KIRSCH: Hello? Excuse me. Is there a Dexter Batson? What is - what is this? Is that a hammer? Is that a lave (ph)? Are you making handmade goods? We have robots for this. This is dangerous and entirely illegal. Everybody, put your tools down. Put that drill down. Step away from these workstations. I'm from Quality Control. I'm shutting this down. Where is Dexter Batson?

UNIDENTIFIED MAN #2: Excuse me. I can help you find Dexter Batson.

KIRSCH: Who's in charge here?

UNIDENTIFIED MAN #2: Please, follow me. I'm sure Dexter...

KIRSCH: Nobody touch those machines while I'm gone.

UNIDENTIFIED MAN #2: You're David Kirsch, aren't you?

KIRSCH: No, why don't you worry about yourself?

UNIDENTIFIED MAN #2: Right through this door, please, Mr. Kirsch.

KIRSCH: Through here?

UNIDENTIFIED MAN #2: Mhm.

KIRSCH: Could somebody turn on the light, please? Hello? Who - unlock this door.

UNIDENTIFIED MAN #3: Why are you looking for Dexter Batson?

KIRSCH: I know what you people are doing.

UNIDENTIFIED MAN #3: What do you think we're doing?

KIRSCH: You're operating an illegal facility that manufactures unregulated man-made goods.

UNIDENTIFIED MAN #3: You need to let us continue.

KIRSCH: Who are you people?

UNIDENTIFIED MAN #3: We are the John Henry Society.

KIRSCH: Well, John Henry, what you're doing is illegal, and it's putting the entire system at risk. And I'm shutting you down.

UNIDENTIFIED MAN #3: Do you want a cat, David?

KIRSCH: What?

UNIDENTIFIED MAN #3: And a long time ago, we used to keep cats around because they'd hunt for mice. Eventually, human beings invented mousetraps. Cats have to hunt mice. It's what they do. It's in their nature. So we invented toys to keep the cats occupied - mylar ribbons to tackle, laser pointers to chase around.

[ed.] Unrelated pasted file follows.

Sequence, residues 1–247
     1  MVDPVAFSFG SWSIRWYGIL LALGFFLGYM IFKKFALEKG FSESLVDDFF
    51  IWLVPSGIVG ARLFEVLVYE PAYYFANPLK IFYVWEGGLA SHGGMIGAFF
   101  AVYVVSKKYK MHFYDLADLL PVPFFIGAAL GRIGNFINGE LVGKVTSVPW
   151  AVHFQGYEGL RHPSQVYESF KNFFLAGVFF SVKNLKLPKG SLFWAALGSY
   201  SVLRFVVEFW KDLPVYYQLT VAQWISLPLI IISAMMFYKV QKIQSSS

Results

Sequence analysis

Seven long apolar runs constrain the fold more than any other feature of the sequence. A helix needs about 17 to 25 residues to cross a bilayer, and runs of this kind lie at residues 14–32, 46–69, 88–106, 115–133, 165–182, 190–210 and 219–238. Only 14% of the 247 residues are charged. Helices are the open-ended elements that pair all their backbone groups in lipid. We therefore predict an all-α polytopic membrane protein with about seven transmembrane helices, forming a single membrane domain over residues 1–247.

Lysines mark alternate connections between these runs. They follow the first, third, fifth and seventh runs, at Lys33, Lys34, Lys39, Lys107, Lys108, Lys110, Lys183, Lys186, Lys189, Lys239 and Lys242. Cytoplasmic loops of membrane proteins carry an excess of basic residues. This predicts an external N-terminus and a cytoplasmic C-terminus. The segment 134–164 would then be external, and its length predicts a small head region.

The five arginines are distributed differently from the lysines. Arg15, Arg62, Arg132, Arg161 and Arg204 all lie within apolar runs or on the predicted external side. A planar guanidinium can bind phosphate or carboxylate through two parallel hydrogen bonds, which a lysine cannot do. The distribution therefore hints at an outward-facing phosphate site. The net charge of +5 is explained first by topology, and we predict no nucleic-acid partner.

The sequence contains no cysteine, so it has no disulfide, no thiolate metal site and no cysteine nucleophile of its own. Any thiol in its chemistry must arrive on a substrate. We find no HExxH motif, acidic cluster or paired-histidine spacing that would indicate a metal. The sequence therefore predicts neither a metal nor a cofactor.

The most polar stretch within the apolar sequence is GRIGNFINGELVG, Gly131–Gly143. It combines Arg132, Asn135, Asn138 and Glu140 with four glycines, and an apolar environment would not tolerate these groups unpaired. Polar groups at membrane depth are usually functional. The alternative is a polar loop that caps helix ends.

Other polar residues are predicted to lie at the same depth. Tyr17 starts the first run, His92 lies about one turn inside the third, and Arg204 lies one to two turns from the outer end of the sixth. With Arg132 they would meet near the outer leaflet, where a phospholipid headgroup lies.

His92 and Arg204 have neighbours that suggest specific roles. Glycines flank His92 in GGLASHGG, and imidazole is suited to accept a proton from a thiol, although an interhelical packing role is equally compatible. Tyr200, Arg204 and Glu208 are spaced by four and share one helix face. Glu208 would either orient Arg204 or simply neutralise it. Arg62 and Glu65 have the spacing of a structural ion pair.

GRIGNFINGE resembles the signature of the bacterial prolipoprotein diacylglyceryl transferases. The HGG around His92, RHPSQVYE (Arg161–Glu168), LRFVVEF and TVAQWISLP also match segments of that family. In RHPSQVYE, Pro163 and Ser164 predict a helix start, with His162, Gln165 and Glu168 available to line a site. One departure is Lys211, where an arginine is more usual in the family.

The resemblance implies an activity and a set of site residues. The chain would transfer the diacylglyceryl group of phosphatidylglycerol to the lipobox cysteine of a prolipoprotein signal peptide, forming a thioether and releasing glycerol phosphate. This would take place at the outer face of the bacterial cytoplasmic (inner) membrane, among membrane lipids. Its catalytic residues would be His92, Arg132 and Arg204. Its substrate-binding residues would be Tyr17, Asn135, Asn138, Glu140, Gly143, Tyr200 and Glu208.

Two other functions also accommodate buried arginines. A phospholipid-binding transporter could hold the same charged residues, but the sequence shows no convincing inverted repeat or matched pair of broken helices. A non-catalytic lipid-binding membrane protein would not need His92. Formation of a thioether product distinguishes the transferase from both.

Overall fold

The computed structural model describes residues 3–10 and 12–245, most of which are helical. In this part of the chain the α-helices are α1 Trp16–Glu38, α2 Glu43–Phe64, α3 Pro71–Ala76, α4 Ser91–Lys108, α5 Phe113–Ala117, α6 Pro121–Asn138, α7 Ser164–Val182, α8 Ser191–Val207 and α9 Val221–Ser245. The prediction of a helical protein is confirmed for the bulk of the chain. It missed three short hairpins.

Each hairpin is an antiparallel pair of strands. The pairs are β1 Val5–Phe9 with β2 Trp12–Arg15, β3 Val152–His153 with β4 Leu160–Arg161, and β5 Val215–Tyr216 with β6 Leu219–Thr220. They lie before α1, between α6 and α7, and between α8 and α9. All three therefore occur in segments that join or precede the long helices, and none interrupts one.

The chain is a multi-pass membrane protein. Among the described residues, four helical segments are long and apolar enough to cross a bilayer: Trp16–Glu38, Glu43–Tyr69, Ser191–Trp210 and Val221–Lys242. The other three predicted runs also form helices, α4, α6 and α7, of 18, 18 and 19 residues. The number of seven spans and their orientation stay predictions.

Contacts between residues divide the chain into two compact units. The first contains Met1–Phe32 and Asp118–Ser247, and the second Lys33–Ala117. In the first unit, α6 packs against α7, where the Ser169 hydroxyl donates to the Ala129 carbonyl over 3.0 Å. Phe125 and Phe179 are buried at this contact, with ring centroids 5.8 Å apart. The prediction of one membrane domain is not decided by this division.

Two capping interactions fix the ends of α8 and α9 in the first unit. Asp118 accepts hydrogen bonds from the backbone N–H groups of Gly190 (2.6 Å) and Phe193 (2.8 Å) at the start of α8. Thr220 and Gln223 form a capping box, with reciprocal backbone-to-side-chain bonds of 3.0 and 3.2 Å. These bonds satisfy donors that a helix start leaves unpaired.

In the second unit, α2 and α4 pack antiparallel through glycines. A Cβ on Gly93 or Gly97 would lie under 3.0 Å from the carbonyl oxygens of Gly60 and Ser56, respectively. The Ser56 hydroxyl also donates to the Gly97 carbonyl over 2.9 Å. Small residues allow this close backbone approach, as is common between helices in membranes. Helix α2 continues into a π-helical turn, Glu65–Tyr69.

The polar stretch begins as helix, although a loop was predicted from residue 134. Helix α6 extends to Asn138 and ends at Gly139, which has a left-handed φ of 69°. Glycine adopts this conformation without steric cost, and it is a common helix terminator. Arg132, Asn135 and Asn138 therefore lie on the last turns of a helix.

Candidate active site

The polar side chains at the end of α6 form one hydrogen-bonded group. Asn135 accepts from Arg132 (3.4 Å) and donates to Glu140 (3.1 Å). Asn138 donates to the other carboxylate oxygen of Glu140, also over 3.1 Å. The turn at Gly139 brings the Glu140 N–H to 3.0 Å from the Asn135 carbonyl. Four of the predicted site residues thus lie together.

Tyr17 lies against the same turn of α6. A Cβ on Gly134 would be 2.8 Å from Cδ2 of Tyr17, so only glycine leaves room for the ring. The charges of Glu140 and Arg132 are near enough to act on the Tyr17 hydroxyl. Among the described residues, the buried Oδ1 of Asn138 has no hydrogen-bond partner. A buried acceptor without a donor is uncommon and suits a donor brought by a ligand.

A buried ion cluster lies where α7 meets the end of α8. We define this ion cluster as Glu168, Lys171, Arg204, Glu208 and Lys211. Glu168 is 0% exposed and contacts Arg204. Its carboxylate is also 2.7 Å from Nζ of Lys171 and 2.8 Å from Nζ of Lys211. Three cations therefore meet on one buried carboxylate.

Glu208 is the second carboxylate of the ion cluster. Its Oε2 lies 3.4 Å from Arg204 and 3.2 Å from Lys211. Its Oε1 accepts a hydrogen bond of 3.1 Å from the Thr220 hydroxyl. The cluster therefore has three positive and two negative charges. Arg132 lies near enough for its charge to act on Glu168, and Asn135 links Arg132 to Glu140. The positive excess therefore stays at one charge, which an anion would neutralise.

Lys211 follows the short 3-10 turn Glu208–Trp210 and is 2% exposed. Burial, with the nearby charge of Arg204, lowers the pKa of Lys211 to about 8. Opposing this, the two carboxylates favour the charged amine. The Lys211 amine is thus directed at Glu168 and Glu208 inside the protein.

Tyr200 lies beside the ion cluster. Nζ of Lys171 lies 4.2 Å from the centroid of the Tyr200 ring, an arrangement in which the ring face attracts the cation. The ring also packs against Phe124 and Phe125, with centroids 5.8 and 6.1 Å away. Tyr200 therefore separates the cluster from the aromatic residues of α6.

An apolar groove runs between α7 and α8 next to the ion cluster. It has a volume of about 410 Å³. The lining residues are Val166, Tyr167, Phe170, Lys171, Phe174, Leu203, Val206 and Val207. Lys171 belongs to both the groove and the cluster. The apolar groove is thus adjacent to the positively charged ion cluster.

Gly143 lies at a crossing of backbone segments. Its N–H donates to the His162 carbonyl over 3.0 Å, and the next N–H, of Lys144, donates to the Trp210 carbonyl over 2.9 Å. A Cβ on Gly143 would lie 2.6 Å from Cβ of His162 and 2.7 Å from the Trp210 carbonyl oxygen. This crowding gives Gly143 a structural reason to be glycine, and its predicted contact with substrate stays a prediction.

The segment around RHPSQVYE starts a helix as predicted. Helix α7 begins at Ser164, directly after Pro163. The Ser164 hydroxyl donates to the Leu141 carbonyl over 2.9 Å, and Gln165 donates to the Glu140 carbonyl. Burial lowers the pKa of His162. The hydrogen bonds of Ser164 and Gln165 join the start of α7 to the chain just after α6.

KIRSCH: OK. Is there a point to this story?

UNIDENTIFIED MAN #3: You can't free people from their nature.

KIRSCH: And you think their nature is to work.

UNIDENTIFIED MAN #3: Cats need to chase mice.

KIRSCH: This is crazy. I spend all day looking through the entire system trying to find imperfections.

UNIDENTIFIED MAN #3: Why do you think you're so busy? Where are all these imperfections coming from - coding, software? The fact is you need us.

KIRSCH: It's my responsibility to report all of this. It's entirely illegal and irresponsible.

UNIDENTIFIED MAN #3: Forget about us. Just drop this entire line of pursuit.

KIRSCH: You're asking me to not do my job.

UNIDENTIFIED MAN #3: If you won't let us do our work, then you won't have a job to do.

UNIDENTIFIED MAN #4: Law enforcement has busted what they are calling a major underground manufacturing ring. This comes after an investigation initiated by Quality Control's David Kirsch.

KIRSCH: It's far-reaching. We found branches of it in almost every major city. The John Henry Society can no longer terrorize us with their substandard goods.

UNIDENTIFIED MAN #4: And now, back to the weather. Sunny skies are expected for the rest of the month...

COCO: Congratulations. Our product malfunction rate has fallen by 98 percent.

KIRSCH: Are you sure? That's incredible.

COCO: Your capture of the resistance operatives was quite effective.

KIRSCH: Great. Well, what do we have next?

COCO: You have no one outstanding work assignments.

KIRSCH: Excuse me? Can you please - let me see the activity log for all the current malfunctions.

COCO: The malfunction log is empty. But I can book a trip, schedule a massage, reserve a ping-pong table.

KIRSCH: Coco, what's going on?

COCO: May I suggest a day at the beach? It's going to be a lovely day.

UNIDENTIFIED WOMAN: Still working?

KIRSCH: Give me a second. I'm almost done. See? Look. Wait.

UNIDENTIFIED WOMAN: Really?

KIRSCH: Give it a go.

(SOUNDBITE OF MUSIC)

UNIDENTIFIED WOMAN: That's beautiful.

KIRSCH: Yeah, it's perfect.

SIEGEL: "The Last Job" was written and produced by Jonathan Mitchell who does a lot of stories like that one on his podcast, the Truth. It's part of the Radiotopia network from PRX.